This Court has generally been quite sparing in its recognition of claims to absolute official immunity. One species of such legal protection is beyond challenge: the legislative immunity created by the Speech or Debate Clause, U.S. Const., Art. I, ยง 6, cl. 1. Even here, however, the Court has been careful not to extend the scope of the protection further than its purposes require. See, e. g., Gravel v. United States, 408 U.S. 606, 622-627 (1972); see also Hutchinson v. Proxmire, 443 U.S. 111, 123-133 (1979); Doe v. McMillan, 412 U.S. 306 (1973); United States v. Brewster, 408 U.S. 501 (1972); United States v. Johnson, 383 U.S. 169 [**543] (1966); Kilbourn v. Thompson, 103 U.S. 168 (1881). Furthermore, on facts analogous to those in the case before us, the Court indicated that a United States Congressman would not be entitled to absolute immunity, in a sex-discrimination suit filed by a personal aide whom he had fired, unless such immunity was afforded by the Speech or Debate Clause. Davis v. Passman, 442 U.S. 228, 246 (1979); see also id., at 246, n. 25 (reserving question of qualified immunity).
This is from Forrester v. White, 484 U.S. 219 (1988). Against this vapidity ("we have been careful, blah blah"), one might try to set up an Amar-like intratextualism, finding balancing texts in the constitution that give some indication of an overarching structure. Here, it's pretty simple: juxtapose the Expulsion Clause with the Speech or Debate Clause, and it would seem that the constitution has already made a choice in these matters. The responsibility for disciplining congressional members for bribery is on congress itself, through their expulsion power; this is broadly preserved away from the executive by their priviliege of speech and debate.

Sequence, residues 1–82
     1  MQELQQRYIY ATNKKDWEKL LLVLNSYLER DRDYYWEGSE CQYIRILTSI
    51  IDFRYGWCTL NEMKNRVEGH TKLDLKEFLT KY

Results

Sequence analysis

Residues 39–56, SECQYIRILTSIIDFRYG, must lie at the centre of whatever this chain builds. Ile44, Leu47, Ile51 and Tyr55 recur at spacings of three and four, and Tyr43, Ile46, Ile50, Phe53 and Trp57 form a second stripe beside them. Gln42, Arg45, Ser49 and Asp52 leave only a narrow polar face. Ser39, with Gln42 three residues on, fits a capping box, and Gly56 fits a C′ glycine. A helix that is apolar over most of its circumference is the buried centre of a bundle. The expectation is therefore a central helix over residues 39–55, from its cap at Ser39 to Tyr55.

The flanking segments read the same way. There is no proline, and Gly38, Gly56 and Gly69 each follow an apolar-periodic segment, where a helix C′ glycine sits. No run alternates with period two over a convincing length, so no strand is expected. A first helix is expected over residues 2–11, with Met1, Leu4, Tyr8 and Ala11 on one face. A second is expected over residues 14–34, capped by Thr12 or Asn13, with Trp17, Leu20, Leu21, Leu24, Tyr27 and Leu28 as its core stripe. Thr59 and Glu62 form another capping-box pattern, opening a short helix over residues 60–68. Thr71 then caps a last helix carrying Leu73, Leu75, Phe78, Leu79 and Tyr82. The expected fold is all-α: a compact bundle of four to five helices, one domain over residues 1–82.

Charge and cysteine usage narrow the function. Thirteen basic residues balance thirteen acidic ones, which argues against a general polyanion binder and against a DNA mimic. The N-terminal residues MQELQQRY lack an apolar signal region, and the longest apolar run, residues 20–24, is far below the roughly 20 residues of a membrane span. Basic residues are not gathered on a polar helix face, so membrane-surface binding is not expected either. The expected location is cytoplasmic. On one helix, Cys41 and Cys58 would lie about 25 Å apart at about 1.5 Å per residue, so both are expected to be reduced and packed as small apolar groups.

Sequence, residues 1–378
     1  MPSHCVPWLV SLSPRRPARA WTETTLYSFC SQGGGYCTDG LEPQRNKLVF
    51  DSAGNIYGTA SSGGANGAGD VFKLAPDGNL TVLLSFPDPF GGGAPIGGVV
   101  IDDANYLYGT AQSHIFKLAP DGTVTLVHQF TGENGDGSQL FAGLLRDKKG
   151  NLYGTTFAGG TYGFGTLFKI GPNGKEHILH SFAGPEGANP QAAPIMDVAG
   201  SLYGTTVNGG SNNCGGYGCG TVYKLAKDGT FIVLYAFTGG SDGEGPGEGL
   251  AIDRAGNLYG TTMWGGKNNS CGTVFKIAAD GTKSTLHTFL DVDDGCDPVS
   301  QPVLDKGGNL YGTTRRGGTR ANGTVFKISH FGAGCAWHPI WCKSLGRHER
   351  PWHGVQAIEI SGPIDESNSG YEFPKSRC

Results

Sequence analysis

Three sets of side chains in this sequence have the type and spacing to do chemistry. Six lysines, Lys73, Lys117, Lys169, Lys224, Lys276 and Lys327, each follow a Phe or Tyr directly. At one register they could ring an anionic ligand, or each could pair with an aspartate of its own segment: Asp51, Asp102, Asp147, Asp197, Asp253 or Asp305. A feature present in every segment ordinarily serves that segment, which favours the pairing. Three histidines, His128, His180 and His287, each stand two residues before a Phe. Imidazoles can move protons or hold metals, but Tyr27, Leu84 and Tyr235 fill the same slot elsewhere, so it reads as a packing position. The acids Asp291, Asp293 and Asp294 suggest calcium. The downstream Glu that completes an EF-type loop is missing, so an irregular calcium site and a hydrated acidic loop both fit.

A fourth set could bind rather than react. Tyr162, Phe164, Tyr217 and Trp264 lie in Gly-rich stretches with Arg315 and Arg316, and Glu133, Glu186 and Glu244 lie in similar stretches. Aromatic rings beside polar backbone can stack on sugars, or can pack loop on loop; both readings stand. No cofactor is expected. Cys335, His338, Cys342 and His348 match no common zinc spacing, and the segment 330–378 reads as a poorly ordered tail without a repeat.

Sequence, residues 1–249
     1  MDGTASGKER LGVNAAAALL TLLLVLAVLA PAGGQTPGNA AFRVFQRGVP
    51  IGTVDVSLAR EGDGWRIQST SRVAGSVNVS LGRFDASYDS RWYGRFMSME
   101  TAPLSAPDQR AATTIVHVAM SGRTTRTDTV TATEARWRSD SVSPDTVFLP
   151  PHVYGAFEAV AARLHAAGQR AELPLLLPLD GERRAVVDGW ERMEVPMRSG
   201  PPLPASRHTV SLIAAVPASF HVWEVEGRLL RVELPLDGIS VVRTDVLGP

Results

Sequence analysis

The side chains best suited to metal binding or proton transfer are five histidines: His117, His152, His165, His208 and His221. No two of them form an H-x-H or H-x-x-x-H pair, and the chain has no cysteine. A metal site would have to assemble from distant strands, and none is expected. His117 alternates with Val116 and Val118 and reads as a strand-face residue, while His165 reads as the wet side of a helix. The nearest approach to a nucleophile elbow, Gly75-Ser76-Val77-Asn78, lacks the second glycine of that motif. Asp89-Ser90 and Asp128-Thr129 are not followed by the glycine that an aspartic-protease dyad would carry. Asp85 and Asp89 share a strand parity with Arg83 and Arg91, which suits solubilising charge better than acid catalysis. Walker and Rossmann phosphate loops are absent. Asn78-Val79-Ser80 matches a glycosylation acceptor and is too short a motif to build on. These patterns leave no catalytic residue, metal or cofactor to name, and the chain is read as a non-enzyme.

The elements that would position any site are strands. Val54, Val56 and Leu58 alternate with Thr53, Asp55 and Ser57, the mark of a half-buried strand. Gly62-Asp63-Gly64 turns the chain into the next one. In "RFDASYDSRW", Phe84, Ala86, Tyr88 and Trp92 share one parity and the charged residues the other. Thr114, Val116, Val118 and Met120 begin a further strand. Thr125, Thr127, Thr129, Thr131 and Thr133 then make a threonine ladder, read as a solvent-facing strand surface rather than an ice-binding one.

If you are against independent counsels, where quasi-executive canines hunt the president, should you be against the executive's power to question congressmen's actions? If you're afraid of an investigation having no natural internal limits (the president firing his attorney general, or congress ending hearings), and you're afraid of cross-branch investigations (special counsels under the control of another branch), shouldn't you then want to draw the Speech or Debate Clause protection broadly, even broadly enough to encompass possible crimes? Why should the possibility of an uninvestigatable crime matter more in construing the Speech or Debate Clause than it does when we refuse to tolerate leashless independent counsels?

Interestingly, if we return from Brewster (1973) to Johnson (1966), it's likely that a fair bit of Buckley(1976)-esque campaign finance legislation goes out the window. The appearance of impropriety will be hard to punish if being improperly boondoggly is the main job of a legislator. (This is explicitly discussed by White in his Brewster dissent.) If you're like me, you'll think the loss of Buckley is a mixed bag, but more blessing than curse.

Why do we believe that there is an executive privilege for secrecy, which is not even in the constitution, when we narrowly construe the speech and debate privilege, which is?

What about the argument that congress didn't exempt congress from bribery laws, and so the executive can attack? It doesn't matter what congress does: congress doesn't get to choose. This is a constitutional provision. Congress no more gets to set what the privileges attaching to the Speech or Debate Clause are than it gets to determine what the Qualifications Clause amounts to.
Congressional resolutions were within protection of speech or debate clause; action seeking injunctive and declaratory relief against House of Representatives resolution excluding Congressman from membership and declaring his seat vacant could be maintained against employees of House of Representatives, but had to be dismissed against those defendants who were Congressmen. Powell v McCormack (1969) 395 US 486, 23 L Ed 2d 491, 89 S Ct 1944.